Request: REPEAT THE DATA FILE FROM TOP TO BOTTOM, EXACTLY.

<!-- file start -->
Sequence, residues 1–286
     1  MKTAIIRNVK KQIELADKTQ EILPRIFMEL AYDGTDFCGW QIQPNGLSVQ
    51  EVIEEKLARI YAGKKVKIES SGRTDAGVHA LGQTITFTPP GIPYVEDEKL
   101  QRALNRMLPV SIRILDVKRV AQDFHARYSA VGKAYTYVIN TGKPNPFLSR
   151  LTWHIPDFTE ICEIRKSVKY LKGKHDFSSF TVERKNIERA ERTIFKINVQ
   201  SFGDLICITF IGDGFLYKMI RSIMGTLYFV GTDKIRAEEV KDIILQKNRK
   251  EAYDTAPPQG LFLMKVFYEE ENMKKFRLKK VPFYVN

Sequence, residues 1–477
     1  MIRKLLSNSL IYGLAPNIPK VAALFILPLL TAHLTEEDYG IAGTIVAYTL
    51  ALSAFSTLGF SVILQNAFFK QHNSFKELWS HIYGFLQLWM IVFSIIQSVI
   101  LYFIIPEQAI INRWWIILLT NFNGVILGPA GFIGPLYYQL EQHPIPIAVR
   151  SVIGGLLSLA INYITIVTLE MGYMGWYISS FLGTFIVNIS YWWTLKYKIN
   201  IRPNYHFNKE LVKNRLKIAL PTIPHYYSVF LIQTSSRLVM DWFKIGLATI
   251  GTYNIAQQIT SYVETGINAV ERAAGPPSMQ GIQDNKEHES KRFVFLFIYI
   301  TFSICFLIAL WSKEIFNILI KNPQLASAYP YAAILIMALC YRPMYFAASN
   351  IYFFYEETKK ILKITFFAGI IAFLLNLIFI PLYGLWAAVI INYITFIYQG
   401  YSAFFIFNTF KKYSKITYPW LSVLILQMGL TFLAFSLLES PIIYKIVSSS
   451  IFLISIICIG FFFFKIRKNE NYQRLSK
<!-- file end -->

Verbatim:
Sequence, residues 1–286
     1  MKTAIIRNVK KQIELADKTQ EILPRIFMEL AYDGTDFCGW QIQPNGLSVQ
    51  EVIEEKLARI YAGKKVKIES SGRTDAGVHA LGQTITFTPP GIPYVEDEKL
   101  QRALNRMLPV SIRILDVKRV AQDFHARYSA VGKAYTYVIN TGKPNPFLSR
   151  LTWHIPDFTE ICEIRKSVKY LKGKHDFSSF TVERKNIERA ERTIFKINVQ
   201  SFGDLICITF IGDGFLYKMI RSIMGTLYFV GTDKIRAEEV KDIILQKNRK
   251  EAYDTAPPQG LFLMKVFYEE ENMKKFRLKK VPFYVN

Sequence, residues 1–477
     1  MIRKLLSNSL IYGLAPNIPK VAALFILPLL TAHLTEEDYG IAGTIVAYTL
    51  ALSAFSTLGF SVILQNAFFK QHNSFKELWS HIYGFLQLWM IVFSIIQSVI
   101  LYFIIPEQAI INRWWIILLT NFNGVILGPA GFIGPLYYQL EQHPIPIAVR
   151  SVIGGLLSLA INYITIVTLE MGYMGWYISS FLGTFIVNIS YWWTLKYKIN
   201  IRPNYHFNKE LVKNRLKIAL PTIPHYYSVF LIQTSSRLVM DWFKIGLATI
   251  GTYNIAQQIT SYVETGINAV ERAAGPPSMQ GIQDNKEHES KRFVFLFIYI
   301  TFSICFLIAL WSKEIFNILI KNPQLASAYP YAAILIMALC YRPMYFAASN
   351  IYFFYEETKK ILKITFFAGI IAFLLNLIFI PLYGLWAAVI INYITFIYQG
   401  YSAFFIFNTF KKYSKITYPW LSVLILQMGL TFLAFSLLES PIIYKIVSSS
   451  IFLISIICIG FFFFKIRKNE NYQRLSK